A woman has died at the Baltimore Central Booking & Intake Center, making her at least the fourth person to die this year in the custody of the city’s jail system.

Helen Williams, 43, of Baltimore, died on June 26, hours after law enforcement arrested her on a fugitive warrant. She was wanted after failing to appear at a probation violation hearing in Prince William Circuit Court in Virginia.

During a bail review hearing on June 27, Baltimore Police Detective Eric Green said the Maryland Department of Public Safety and Correctional Services — which runs the city’s pretrial detention system — informed him that Williams died the previous night while in custody at Central Booking. He asked for the case to be dismissed.

Baltimore District Judge Darren L. Kadish marked the case as such on a criminal trial docket and handwrote, “Fugitive passed while in custody.”

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In an email, Mark Vernarelli, a spokesperson for the corrections department, said correctional officers at about 7 p.m. discovered a 43-year-old woman who was unresponsive. He declined to release her name.

Correctional staff immediately started providing life-saving measures, Vernarelli said. The Baltimore City Fire Department, he said, pronounced her dead at 7:41 p.m.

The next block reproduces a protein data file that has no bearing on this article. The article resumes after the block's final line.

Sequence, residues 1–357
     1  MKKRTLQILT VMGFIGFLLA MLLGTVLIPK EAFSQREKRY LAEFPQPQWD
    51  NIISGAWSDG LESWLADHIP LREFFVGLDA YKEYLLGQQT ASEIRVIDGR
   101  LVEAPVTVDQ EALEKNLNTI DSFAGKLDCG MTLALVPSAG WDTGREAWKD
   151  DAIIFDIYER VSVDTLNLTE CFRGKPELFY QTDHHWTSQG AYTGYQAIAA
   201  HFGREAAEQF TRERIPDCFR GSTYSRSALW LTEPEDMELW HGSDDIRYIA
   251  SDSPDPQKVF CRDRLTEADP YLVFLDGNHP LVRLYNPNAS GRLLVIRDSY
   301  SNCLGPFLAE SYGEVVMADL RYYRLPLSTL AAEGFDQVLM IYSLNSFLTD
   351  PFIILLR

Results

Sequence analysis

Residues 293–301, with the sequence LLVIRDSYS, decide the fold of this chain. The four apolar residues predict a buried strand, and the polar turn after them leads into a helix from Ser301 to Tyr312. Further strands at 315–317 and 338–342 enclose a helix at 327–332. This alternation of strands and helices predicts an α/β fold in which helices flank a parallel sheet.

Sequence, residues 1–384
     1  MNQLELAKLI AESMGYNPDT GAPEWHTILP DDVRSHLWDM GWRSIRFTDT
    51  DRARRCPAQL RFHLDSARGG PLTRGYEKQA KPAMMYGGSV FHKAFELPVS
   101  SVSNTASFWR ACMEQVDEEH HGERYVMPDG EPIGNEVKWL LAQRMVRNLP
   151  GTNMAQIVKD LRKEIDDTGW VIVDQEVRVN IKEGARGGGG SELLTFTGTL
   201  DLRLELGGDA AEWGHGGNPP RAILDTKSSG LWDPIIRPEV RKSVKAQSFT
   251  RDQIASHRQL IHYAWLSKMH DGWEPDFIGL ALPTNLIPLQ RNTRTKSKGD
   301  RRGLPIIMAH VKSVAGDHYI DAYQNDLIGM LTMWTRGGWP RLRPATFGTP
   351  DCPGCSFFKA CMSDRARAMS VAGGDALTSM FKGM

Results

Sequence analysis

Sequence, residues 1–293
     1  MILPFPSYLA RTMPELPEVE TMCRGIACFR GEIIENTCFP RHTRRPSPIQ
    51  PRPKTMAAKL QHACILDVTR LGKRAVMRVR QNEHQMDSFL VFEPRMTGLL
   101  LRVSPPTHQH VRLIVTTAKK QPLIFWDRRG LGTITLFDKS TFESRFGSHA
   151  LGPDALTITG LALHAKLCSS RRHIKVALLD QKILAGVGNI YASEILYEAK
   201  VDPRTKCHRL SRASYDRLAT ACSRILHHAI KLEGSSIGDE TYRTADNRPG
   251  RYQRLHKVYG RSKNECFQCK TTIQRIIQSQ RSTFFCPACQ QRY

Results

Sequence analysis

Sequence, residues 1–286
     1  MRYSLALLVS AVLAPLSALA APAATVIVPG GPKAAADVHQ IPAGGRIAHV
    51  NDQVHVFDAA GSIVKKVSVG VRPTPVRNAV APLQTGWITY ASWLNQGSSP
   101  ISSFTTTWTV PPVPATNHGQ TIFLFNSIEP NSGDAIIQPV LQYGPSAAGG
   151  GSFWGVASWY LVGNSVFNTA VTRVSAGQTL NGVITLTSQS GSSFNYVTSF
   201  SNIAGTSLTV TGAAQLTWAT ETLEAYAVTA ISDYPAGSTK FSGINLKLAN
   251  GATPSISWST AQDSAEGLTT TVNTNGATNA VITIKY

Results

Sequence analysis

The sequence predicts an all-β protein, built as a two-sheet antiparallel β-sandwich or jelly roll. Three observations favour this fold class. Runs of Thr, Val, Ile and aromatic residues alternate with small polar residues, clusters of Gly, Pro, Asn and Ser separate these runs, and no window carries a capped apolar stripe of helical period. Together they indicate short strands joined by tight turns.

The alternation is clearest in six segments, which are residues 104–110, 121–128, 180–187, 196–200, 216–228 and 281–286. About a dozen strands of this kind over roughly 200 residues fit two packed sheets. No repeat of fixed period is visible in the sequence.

Detectives are investigating the death, he said.

In 2015, Williams pleaded guilty to prescription fraud and received a five-year suspended sentence, Prince William County Commonwealth’s Attorney Amy Ashworth said in an email.

On Feb. 26, 2013, Williams went to a CVS in Woodbridge, Virginia, and tried to fill a prescription for 120 30-milligram oxycodone pills that was in the name of Sharon Carter, Prince William County Police reported.

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Williams told detectives that she gets paid to pass fraudulent prescriptions, police alleged, and that people sold the painkillers on the street for $25 per pill.

A probation and parole officer, Nancy Neale, reported that Williams was supposed to complete an intake for probation in Maryland. That’s where she was going to be supervised.

More than three months later, after several phone calls and voicemails urging her to go through with that process, Williams failed to do so, Neale asserted. Williams, she alleged, appeared to be in violation of her probation.

Her attorney, Jeremiah Adair, reported that his client tried to complete intake for probation in Maryland but was rebuffed. He wrote in court documents those efforts were “further complicated by her poor health.”

Eventually, Williams failed to appear at a probation violation hearing on Oct. 3, 2019, Ashworth said.

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The state has continued to face scrutiny over the health care and mental health services at the city’s jail system and struggled to come into full compliance with a settlement in a decades-old lawsuit.

Meanwhile, the state is moving forward with a plan to open a $1 billion facility called the Baltimore Therapeutic Treatment Center.